CINCINNATI -- After remaining silent over reports he'd asked his hand-picked city manager to resign, Mayor John Cranley's office released a statement Saturday morning -- to say he supports the city's police chief.
Cranley was scheduled to give the opening remarks at the annual Cincinnati Neighborhood Summit, but he was not there. Instead, he was out of town for a special meeting of the U.S. Conference of Mayors, according to a statement from his spokeswoman.
"Last evening, the Mayor and Chief (Eliot) Isaac spoke and both acknowledged that they’ve had a mutually supportive relationship for years and that both are committed to the same going forward," the statement said.
It included nothing about City Manager Harry Black, whom Cranley selected nearly four years ago -- no denial of the reports, no statement supporting Black. The city manager and some high-level police staff have been at odds over the past few months, and especially over the past week. Isaac is not among those feuding with the city manager, at least not publicly.
— Breanna Molloy (@BreannaMolloy) March 10, 2018
WCPO obtained a copy of an email Isaac sent Friday to Cincinnati City Council members, offering support for Black. In the email, the police chief said his department is going through "an extremely difficult time" and also requested to speak with each council member individually.
"I want to take this opportunity to express the support that we have received from the City Manager as we make difficult decisions for the department," Isaac wrote in the email.
Black was in attendance at Saturday's event, but he refused to comment on whether Cranley asked him to resign Friday.
The mayor cannot fire the city manager outright; he must have the support of five members of Cincinnati City Council -- and it's not clear if Cranley has those votes.
Two elected officials and five organizations said Saturday they believe there's an effort underway to defame Black through "nasty media attacks."
"A smear campaign on the part of Mayor Cranley is unprofessional and beneath the dignity of the office," their joint statement said. It came from Councilman Wendell Young, state Sen. Cecil Thomas, the Cincinnati NAACP, Black Agenda Cincinnati, Cincinnati Black United Front, Greater Cincinnati National Action Network and Sentinels Police Association.
Robert Richardson, president of Cincinnati NAACP, said he is concerned the mayor is trying to have Black resign because he doesn’t agree with how Black conducted himself in regard to Assistant Chief David Bailey being ousted. Fraternal Order of Police President Dan Hils said Bailey had been "forced out" and accepted a buyout earlier this week.
“We think that the city manager, if he is doing his job and is within the principles of the charter, then we don’t see no problem with it,” Richardson said. “We don’t see why there’s such an uproar about it.”
The Black Agenda, an organization run by former mayor Dwight Tillery, alleged Cranley was "going after another high profile black leader." Leading up to last year's mayoral election, the organization criticized Cranley for his treatment of black leaders such as former parks director Willie Carden and former councilman Charlie Winburn. Tillery, Carden and Winburn were once Cranley's allies, but the relationships soured.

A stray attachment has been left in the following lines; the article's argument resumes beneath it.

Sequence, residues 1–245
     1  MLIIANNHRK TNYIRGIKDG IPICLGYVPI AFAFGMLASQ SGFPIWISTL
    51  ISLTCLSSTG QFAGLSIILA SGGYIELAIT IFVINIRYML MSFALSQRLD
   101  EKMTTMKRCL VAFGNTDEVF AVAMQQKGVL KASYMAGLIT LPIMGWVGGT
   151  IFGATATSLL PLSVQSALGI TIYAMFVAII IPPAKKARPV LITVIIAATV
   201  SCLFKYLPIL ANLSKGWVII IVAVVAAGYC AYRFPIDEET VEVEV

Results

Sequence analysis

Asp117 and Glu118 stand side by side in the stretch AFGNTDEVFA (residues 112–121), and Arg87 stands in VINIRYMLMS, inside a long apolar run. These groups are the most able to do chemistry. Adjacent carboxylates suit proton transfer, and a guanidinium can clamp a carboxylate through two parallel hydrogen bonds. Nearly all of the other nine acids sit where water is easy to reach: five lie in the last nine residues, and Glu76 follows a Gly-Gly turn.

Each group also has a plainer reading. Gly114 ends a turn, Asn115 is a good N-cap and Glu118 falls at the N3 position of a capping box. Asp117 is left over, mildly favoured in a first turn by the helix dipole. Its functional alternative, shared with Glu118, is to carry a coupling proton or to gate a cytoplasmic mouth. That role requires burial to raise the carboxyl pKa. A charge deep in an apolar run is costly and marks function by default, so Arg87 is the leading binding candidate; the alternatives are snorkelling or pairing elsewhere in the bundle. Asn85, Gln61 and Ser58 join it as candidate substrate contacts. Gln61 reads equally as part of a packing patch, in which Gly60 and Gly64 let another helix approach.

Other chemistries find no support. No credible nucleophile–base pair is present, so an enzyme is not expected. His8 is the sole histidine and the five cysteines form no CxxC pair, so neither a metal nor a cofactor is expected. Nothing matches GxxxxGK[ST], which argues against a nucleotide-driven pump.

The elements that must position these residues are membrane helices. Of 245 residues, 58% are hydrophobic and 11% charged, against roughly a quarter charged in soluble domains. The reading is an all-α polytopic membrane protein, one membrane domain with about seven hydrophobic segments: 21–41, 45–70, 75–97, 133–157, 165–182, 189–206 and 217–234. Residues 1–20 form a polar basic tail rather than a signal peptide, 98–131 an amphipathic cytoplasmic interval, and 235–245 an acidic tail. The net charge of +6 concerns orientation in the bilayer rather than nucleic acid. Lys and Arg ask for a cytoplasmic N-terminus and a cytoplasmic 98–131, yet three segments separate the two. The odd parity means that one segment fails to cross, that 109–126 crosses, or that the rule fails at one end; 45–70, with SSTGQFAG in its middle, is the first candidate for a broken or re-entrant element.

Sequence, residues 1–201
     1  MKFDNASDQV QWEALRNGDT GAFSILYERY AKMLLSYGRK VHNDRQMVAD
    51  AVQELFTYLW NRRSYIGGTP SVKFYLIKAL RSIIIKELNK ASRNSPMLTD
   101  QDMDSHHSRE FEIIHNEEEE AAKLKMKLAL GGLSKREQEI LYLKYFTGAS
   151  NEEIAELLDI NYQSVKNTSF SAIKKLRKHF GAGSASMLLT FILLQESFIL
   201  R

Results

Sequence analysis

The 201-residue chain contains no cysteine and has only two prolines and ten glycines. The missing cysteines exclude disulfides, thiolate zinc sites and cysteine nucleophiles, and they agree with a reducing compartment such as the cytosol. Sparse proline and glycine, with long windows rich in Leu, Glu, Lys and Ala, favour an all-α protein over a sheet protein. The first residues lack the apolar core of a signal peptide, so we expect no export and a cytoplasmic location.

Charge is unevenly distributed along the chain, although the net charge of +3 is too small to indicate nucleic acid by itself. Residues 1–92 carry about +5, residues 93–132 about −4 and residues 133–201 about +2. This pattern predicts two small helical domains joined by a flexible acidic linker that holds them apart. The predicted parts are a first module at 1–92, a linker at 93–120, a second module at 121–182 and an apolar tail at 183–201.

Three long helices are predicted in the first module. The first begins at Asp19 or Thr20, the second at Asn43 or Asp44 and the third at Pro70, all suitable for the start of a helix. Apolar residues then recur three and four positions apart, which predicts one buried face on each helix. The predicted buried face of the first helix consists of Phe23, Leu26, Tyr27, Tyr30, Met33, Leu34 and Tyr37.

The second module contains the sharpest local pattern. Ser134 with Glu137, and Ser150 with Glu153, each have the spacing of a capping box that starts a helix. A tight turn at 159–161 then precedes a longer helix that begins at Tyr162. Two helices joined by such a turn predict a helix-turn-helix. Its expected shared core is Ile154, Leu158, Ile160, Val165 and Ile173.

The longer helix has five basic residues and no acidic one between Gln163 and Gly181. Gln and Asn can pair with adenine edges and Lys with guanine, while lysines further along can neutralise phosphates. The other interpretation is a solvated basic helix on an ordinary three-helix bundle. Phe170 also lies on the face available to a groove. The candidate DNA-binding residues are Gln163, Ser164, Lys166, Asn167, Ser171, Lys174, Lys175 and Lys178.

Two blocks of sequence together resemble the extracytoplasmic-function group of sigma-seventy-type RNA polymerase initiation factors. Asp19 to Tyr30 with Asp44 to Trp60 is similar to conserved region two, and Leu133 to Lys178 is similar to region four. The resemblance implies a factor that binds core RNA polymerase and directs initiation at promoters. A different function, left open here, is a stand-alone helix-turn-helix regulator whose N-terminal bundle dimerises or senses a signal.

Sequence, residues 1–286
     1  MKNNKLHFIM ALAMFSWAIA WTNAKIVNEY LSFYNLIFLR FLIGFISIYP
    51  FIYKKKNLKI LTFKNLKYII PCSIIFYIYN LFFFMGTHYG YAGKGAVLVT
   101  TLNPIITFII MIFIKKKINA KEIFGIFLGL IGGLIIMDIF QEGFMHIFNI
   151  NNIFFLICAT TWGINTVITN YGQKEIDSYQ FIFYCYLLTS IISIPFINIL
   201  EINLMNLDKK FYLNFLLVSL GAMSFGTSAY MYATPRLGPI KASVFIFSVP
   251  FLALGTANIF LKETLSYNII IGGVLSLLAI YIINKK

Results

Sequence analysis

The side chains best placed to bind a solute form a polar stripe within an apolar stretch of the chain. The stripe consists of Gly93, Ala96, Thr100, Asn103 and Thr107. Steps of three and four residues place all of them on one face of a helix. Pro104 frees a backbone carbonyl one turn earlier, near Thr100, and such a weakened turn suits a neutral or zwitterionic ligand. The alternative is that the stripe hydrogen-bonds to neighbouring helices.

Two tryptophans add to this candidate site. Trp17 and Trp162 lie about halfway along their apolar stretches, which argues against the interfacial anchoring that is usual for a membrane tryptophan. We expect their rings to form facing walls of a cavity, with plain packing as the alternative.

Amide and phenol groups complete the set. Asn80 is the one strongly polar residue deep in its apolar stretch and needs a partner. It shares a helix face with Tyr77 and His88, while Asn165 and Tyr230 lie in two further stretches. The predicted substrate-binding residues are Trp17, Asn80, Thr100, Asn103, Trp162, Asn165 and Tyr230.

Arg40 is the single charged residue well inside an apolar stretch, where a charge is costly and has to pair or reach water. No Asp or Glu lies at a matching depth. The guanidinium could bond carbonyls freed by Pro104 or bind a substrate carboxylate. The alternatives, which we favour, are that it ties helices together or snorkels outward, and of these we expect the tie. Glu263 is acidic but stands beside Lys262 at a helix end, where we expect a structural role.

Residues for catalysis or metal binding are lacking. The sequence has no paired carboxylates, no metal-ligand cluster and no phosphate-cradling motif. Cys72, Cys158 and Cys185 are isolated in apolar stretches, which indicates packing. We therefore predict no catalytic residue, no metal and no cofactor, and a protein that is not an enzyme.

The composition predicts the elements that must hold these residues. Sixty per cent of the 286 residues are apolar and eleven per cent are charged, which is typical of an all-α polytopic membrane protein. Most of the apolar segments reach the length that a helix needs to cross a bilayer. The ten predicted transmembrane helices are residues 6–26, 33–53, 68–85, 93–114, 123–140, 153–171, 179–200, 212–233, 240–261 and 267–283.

Mayor Cranley going after another high profile black leader bringing the count to 17. when this was pointed out in a campaign flyer, Cranley called it racist. Only in Cincinnati can a white leader of his statue attack black leadership and called their reaction as being racist .
— The Black Agenda 513 (@TheBA513) March 10, 2018
Black's simmering frustration with police leaders came into full public view in November 2017, when he made a late-night phone call accusing Fraternal Order of Police president Dan Hils and Assistant Chief David Bailey of obstructing a city agency that reviews complaints against police officers.
"What I'm saying to you is that if you guys don't stop, I, as the city manager, will walk away from the (Collaborative Agreement) refresh and I will let the entire world know why I am doing it -- it will be because of you," he said in that phone call, which Hils recorded and released to local media.
Hils and Black previously fought over raises Cranley recommended for city workers; Black felt Hils did an end-run around the collective bargaining process by appealing directly to the mayor. He went so far as to file an unfair labor practices complaint against Hils, though he later dropped it.
Then, over the past week, the simmer turned into a boil.
On Wednesday, Black accused a "rogue element" within the police department of working to undermine Isaac because of Isaac's race. Both Black and Isaac are black men.
According to Black, this "rogue" contingent leaked an internal audit of overtime hours out of a desire to be "disruptive and insubordinate." The audit, which was released the day after Capt. Bridget Bardua filed a sexual discrimination complaint against Bailey and two others, was authored by Bailey and listed Bardua as one of the department's top overtime earners.
Isaac and Black then dismissed Bailey, whom Hils said was essentially forced into early retirement because of the buyout.
"I think there's disappointment that the leaders of the police department can't get along as well as the men and women who are on the streets doing the job," Hils said.
Vice Mayor Christopher Smitherman called Bailey's departure "unfortunate" and suggested a council vote to limit the city manager's power; Councilman Chris Seelbach said in a tweet it was "disappointing to again see City Manager Harry Black dismiss someone with little respect for their service."